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Saturday, September 23, 2023

What Questions Does a Hiring Team Need to Ask a Job Candidate?


The cost of a bad hire can rise up to 30 percent of that worker’s annual earnings. In other words, hiring bad employees will cost a business tens of thousands of dollars every year.

If you’re on the hiring team or in charge of recruitment, you certainly don’t want to make hiring decisions that result in financial losses for the company. You do everything in your power to ensure you’re hiring the best employee – every time.

There are many things that you need to look at when hiring, but one of the most important is asking the right questions.

In this article, we’re sharing some of the most important questions to ask job applicants and what answers you should expect.

Let’s get into it.

How Did You Learn About This Job Position?

Does it really matter how a job seeker learned about the position you’re looking to fill? What matters is the position attracted applicants and you have already picked out a handful to interview, right?

Well, if that’s what you’re thinking, you’ll miss out on getting an important piece of information that will help you determine whether you’re interviewing an ideal employee.

How the interviewee answers this question can give you some insight into their suitability for the position. If you advertised the position on multiple platforms, such as your company website, industry job boards, and social media, you’ll be more interested in a job seeker who learned about the opening from your company website. This likely means the interviewee has a deep interest in working at your company, seeing that they kept tabs on your website’s careers page.

This, though, doesn’t necessarily mean applicants who learned about the position from other sources are any less interested in working at your company. However, when determining who gets the job becomes like splitting hairs, you may be inclined to settle on the applicant who learned about the position on your company website.

What Attracted You to This Position?

People apply to job openings for different reasons. Some make speculative applications, which means they’ve no specific interest in the company. Others are attracted to the compensation package.

Although you wouldn’t expect an applicant to say they applied speculatively or because the salary is great, you should ask the question anyway. You can tell a lot about the way an interviewee answers the question.

If an employee is hesitant before answering, it’s a sign they weren’t expecting the question, and they’re probably looking for a suitable answer. A well-intentioned interviewee will have a quick and meaningful answer.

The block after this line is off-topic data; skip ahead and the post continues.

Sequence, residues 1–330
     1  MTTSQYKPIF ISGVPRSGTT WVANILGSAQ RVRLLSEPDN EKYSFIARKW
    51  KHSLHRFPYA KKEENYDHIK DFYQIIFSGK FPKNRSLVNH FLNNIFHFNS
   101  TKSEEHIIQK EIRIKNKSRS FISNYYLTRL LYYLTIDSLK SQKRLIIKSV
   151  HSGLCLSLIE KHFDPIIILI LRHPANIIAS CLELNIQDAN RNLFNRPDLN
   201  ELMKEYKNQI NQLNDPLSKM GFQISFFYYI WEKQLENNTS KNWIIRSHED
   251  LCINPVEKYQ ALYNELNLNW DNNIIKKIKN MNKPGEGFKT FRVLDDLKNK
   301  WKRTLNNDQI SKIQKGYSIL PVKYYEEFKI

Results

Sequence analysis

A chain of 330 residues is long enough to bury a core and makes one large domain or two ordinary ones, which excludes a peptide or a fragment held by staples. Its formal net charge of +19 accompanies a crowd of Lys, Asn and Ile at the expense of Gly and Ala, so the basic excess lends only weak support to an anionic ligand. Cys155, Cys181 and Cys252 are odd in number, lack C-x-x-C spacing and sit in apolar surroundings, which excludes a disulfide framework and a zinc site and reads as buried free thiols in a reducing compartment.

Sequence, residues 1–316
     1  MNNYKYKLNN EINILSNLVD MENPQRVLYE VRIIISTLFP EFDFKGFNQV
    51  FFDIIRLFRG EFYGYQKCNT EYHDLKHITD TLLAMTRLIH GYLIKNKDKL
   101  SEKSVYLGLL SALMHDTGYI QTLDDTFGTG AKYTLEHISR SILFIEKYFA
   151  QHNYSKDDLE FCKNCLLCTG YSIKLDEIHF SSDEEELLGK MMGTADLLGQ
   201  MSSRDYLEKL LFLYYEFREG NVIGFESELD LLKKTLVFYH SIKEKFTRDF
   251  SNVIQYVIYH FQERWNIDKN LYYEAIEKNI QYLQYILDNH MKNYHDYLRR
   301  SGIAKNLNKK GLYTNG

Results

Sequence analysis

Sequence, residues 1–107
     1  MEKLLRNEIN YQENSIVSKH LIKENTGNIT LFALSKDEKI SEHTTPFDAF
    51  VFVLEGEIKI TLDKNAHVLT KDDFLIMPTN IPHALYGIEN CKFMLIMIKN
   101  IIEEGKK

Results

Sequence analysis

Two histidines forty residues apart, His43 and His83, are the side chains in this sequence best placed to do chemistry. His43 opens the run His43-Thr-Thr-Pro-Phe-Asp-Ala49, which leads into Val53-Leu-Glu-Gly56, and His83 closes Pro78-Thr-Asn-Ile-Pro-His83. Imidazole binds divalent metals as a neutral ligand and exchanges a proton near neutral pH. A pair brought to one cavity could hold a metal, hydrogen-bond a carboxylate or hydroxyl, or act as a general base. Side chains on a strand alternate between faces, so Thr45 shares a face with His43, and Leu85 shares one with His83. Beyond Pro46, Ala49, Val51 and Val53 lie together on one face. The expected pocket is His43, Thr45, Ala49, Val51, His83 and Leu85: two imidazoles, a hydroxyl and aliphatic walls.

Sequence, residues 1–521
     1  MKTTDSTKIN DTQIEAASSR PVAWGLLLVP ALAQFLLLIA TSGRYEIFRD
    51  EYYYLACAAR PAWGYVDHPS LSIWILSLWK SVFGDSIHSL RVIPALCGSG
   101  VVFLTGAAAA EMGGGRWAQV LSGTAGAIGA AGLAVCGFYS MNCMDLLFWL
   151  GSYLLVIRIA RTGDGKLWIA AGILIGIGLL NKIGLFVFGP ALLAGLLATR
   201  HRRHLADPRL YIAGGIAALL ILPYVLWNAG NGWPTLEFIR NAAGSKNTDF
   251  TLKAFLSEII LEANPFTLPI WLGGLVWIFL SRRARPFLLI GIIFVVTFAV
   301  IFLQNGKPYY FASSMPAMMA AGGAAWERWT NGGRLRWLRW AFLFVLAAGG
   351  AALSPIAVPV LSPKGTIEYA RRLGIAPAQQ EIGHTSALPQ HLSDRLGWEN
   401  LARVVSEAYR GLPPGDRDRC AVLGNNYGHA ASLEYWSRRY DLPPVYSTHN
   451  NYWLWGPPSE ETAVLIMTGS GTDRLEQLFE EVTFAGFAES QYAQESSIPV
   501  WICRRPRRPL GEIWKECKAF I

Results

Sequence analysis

Why Are You a Perfect Fit for This Role?

By the time you’re interviewing someone, you’ve already reviewed their resume and established that they have what it takes to do the job.

However, you still want to hear it from the horse’s mouth because resumes sometimes only tell half the story. You want the interviewee to give solid reasons why they think they’re a good fit for the job.

Pay attention to whether the applicant describes their professional training. Are they mentioning the skills that are fleshed out in the job requirements?

Bear in mind that you can also test whether indeed the applicant possesses those skills. If you’re hiring for a role that needs great office skills, find out why it’s crucial to test for those skills.

Besides suitability to a certain role, an applicant who will potentially make a good fit should discuss the organization’s culture and why they think they’ll fit right in.

How Would Your Colleagues Describe You?

This is a variation of the popular and often ineffective “describe yourself” question.

Given an audience, any person will mostly say good things about themselves. No applicant is going to say things that will undermine their chances of getting the job.

This is why it’s better to know what colleagues think about the person you’re interviewing.

You can also follow up this question with one that requires the interviewee to describe some of the relationships they have with current or past workmates. You should learn a lot about an applicant’s interpersonal and teamwork skills from how they answer these questions.

What Are Your Biggest Weaknesses?

No one is perfect. Especially not in the workplace.

Your applicant should have a clear picture of their weaknesses in the workplace. If someone says that they don’t have any weaknesses, it probably means they haven’t faced challenges where they came up short because they lacked certain skills.

The interviewee should also give you a brief on what they’re doing to overcome those weaknesses.

What Noteworthy Thing Can You Reveal About Yourself?

Job seekers use resumes to describe almost everything about their professional lives. Everything a job seeker would want you to know about them is in the resume.

However, there’s a chance they left out some bits of information that could be useful to your decision-making. Thus, this question.

Keep an open mind here. You just want to see if there’s more to the interviewee than meets the eye. You could use the opportunity to judge how quickly they can think on their feet because it’s a question many people don’t see coming.

Make Smart Picks When You’re on the Hiring Team

Whether you’re the head of the hiring team or part of the team, your primary goal is to bring in the best talent. It isn’t an easy task, but with the right recruitment expertise, you can improve your chances of making the right hiring decisions. Ask these questions and you’ll move closer to getting the best hire.

Keep tabs on our blog for more recruitment advice.

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